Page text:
than a dozen. For related black Punu masks see Perrois (1979: figure 258) for a mask formerly
in the Helena Rubinstein Collection; (ibid.: figure 264) for another; (ibid.: figure 270) for one
formerly in the Vlaminck Collection; Roy (1992: figure 101) for one in the Stanley Collection;
Robbins and Nooter (1989: 353, figure 915) for one in the Albright-Knox Art Gallery, Buffalo;
(ibid.: 355, figure 920) for another in the Mnuchin Collection.

The Rosenberg mask displays many of the stylistic attributes of the more common white masks
of similar refinement and quality, said to be modeled after beautiful women in the community.
According to Perrois (1979: 235) the black patina on Punu masks is presumably an index of its
more serious or darker role in judiciary services, potentially condemning the living, whereas
Punu masks layered in kaolin are used in celebrations and funerary ceremonies, where the white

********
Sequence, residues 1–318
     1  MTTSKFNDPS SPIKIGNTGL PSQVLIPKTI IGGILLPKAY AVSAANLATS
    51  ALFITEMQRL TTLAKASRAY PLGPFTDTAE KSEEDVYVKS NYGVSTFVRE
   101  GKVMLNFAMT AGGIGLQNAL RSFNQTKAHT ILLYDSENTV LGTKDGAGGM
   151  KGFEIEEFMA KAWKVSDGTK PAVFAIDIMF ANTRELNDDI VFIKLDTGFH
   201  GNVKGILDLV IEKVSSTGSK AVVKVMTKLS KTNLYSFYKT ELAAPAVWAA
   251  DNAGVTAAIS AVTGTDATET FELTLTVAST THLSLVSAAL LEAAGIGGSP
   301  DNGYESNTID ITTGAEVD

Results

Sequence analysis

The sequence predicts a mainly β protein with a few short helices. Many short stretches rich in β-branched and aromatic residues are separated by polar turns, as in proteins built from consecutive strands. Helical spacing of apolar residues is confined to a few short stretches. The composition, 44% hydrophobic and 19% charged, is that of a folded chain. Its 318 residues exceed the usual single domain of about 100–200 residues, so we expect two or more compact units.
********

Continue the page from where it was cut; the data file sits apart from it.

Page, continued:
surface marked them as ushers of the other world.
Black Punu mask
Galerie J. Germain, Montreal
Black Punu mask
Private collection Paris
Ex Alain de Monbrison Gallery
Black Punu mask
28 cm
Musee Dapper, Paris
Photo H. Dubois
PUNU, Gabon / Mask / Wood / H. 27.9 cm. (11")
Stanley Collection

While the white-faced masks produced by the peoples of the Ogowe basin appear
frequently in collections outside of Africa, black masks in the same style are quite
rare. Perrois suggests that the difference in color may indicate a change in
function. Among the Galoa and the Ivili of the lower Ngounie River, white okouyi
initiation masks are painted black to transform them temporarily into judgement
masks with the power to discover witches (Perrois 1979:253).

Here, as in the white Punu mask in the Stanley Collection (below), the facial
features are smooth, round, and naturalistic, with protuberant, crescent-shaped